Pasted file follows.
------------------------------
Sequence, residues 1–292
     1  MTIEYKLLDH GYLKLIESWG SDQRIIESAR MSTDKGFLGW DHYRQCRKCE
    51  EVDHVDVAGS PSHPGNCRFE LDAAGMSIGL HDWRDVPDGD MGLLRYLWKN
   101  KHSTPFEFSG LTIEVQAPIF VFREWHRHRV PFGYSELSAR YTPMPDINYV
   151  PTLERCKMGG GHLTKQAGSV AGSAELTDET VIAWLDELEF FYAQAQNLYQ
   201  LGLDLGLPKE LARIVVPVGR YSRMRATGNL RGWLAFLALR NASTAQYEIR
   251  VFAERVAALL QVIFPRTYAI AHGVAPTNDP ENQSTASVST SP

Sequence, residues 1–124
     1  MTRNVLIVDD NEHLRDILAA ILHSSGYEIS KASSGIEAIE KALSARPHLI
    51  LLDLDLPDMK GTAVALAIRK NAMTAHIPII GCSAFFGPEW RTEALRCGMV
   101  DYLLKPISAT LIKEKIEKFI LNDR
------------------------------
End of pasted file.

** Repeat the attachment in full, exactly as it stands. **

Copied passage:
Sequence, residues 1–292
     1  MTIEYKLLDH GYLKLIESWG SDQRIIESAR MSTDKGFLGW DHYRQCRKCE
    51  EVDHVDVAGS PSHPGNCRFE LDAAGMSIGL HDWRDVPDGD MGLLRYLWKN
   101  KHSTPFEFSG LTIEVQAPIF VFREWHRHRV PFGYSELSAR YTPMPDINYV
   151  PTLERCKMGG GHLTKQAGSV AGSAELTDET VIAWLDELEF FYAQAQNLYQ
   201  LGLDLGLPKE LARIVVPVGR YSRMRATGNL RGWLAFLALR NASTAQYEIR
   251  VFAERVAALL QVIFPRTYAI AHGVAPTNDP ENQSTASVST SP

Sequence, residues 1–124
     1  MTRNVLIVDD NEHLRDILAA ILHSSGYEIS KASSGIEAIE KALSARPHLI
    51  LLDLDLPDMK GTAVALAIRK NAMTAHIPII GCSAFFGPEW RTEALRCGMV
   101  DYLLKPISAT LIKEKIEKFI LNDR